Comment author: 21 January 2017 11:57:40AM *  1 point [-]

Ah, of course, my mistake. I was trying to hand-wave an argument that we should be looking at reals instead of rationals (which isn't inherently true once you already know that 0.999...=1, but seems like it should be before you've determined that). I foolishly didn't think twice about what I had written to see if it made sense.

I still think it's true that "0.999..." compels you to look at the definition of real numbers, not rationals. Just need to figure out a plausible sounding justification for that.

Comment author: 21 January 2017 04:02:49PM 1 point [-]

I suppose you might be right for some people. For me, the fact that repeating infinite decimal expansions are rational is deeply deeply ingrained. Since your post is essentially how to square your feelings with what turns out to be mathematically true, you have a lot of room for disagreement as there is no contradiction in different people feeling different ways about the same facts.

For me the most fun thing about 0.9999.... is that 1/9 = .11111... and therefore 9x1/9 = 9x.111111..... and this last expression obviously = .99999...

You should also do a search on "right" in your post and edit it, you use "right" one time where you really need "write" I think it is "right down" instead of "write down" but I'll let you do the looking.

Comment author: 21 January 2017 10:47:33AM 3 points [-]

The OP states:

A very good question is "what kinds of objects are these, anyway?" Since we have an infinite decimal they can't be rational numbers.

This is just wrong. A rational number is a number that can be written as a fraction of two integers. Lots of infinite decimals are rational numbers. 1/3 = .3333333..., 1/9 = .1111111.... 1/7 = .142857142857142857... etc.

In response to comment by on The map of p-zombies
Comment author: 13 September 2016 08:22:51AM 0 points [-]

If we adopt criteria of identity based of same location, next-moment-of-me will be not me, as I move, Earth move etc. It results in situation where I will die every millisecond.

We could also imagine situation where Omega put my copy in my location, but instantly moves me to the next room.

In response to comment by on The map of p-zombies
Comment author: 11 January 2017 03:52:43PM 0 points [-]

Clearly we can differentiate between different-location-same-time and different-location-different-time. Two things in different-location-same-time are different things. Two things different-location-different-time may be same thing or may be different thing depending on the path through time. Your mathematical style of abstraction in thinking about identity will only be useful at explaining the real world if it is matched to real world processes, and does not ignore important real world insights.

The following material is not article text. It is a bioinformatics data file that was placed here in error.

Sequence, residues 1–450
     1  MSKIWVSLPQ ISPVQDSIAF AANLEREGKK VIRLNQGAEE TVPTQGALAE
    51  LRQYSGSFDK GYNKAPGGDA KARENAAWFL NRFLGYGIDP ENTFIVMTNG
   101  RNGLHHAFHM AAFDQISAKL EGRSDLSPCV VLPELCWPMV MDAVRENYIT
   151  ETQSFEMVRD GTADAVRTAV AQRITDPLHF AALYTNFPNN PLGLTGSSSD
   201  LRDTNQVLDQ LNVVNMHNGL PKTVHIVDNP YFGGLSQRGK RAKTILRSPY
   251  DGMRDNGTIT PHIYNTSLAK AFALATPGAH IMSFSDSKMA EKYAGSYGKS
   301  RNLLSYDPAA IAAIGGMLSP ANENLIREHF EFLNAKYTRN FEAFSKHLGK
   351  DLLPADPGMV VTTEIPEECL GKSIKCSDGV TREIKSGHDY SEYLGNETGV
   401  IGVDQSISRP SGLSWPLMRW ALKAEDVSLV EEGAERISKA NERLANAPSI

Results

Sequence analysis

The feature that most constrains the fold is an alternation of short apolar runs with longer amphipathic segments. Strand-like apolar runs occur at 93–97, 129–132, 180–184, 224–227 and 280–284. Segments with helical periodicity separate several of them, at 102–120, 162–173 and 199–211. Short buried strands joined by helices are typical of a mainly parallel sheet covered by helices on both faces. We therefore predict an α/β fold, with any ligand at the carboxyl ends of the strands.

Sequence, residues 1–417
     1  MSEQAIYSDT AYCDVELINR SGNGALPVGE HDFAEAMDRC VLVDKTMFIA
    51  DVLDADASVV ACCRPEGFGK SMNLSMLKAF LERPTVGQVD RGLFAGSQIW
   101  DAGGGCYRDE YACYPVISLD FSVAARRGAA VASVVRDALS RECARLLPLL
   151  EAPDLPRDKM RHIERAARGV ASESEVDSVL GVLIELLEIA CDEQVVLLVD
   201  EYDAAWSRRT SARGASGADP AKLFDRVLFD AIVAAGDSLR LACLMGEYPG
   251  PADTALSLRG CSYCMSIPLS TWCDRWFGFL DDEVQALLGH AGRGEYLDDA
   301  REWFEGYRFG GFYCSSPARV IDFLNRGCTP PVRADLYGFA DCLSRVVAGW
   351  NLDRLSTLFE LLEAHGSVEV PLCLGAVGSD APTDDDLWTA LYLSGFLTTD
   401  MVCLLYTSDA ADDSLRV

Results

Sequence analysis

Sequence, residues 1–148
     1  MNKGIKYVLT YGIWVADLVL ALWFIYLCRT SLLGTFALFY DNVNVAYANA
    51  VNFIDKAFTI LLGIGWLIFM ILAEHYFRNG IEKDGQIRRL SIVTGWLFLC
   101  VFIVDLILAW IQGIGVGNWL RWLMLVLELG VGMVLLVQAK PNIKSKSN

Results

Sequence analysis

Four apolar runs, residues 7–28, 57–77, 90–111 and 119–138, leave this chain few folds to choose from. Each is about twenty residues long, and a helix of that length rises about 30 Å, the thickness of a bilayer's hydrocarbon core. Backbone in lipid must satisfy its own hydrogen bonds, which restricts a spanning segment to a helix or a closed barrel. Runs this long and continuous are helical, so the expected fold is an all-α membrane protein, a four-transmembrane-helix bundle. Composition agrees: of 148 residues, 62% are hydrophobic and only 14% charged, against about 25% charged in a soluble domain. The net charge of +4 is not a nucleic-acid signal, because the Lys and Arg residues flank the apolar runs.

In response to comment by on The map of p-zombies
Comment author: 12 August 2016 04:56:09PM 0 points [-]

I am going soon to publish Identity map which will sum up my research of the identity problem.

1) If twins are really similar, there will be indexical question for them. Each of them will not know if he is twin 1 or twin 2. So in practical situations they should think that any event which affect one of twins has 50 per cent situation to happen with them. So consciousness will not jump from one twin to another. It is already shared in this example.

2) Philosophers are well aware of the problem and it is called "other minds problem" and "hard problem" of consciousness. the main problem here is that if we adopt idea that consciousness could be different without any physical difference between the copies, we adopt the idea of p-zombies and reject physicalism that is modern version of materialism. It almost the same as to say that immaterial soul exist. It is very strong statement.

In response to comment by on The map of p-zombies
Comment author: 11 September 2016 11:00:46PM *  0 points [-]

if we adopt idea that consciousness could be different without any physical difference between the copies, we adopt the idea of p-zombies and reject physicalism that is modern version of materialism. It almost the same as to say that immaterial soul exist. It is very strong statement.

Not relevant to the problem. If you create a copy of me, the copy is not identical, if for no other reason than it occupies a different location than I do. I agree that if it occupied the same location that I do, atom for atom and quark for quark, that could lead to the concern you express. But copies cannot occupy the same location, and so there is no problem having the copy to the left be one consciousness while the original to the right is a different consciousness.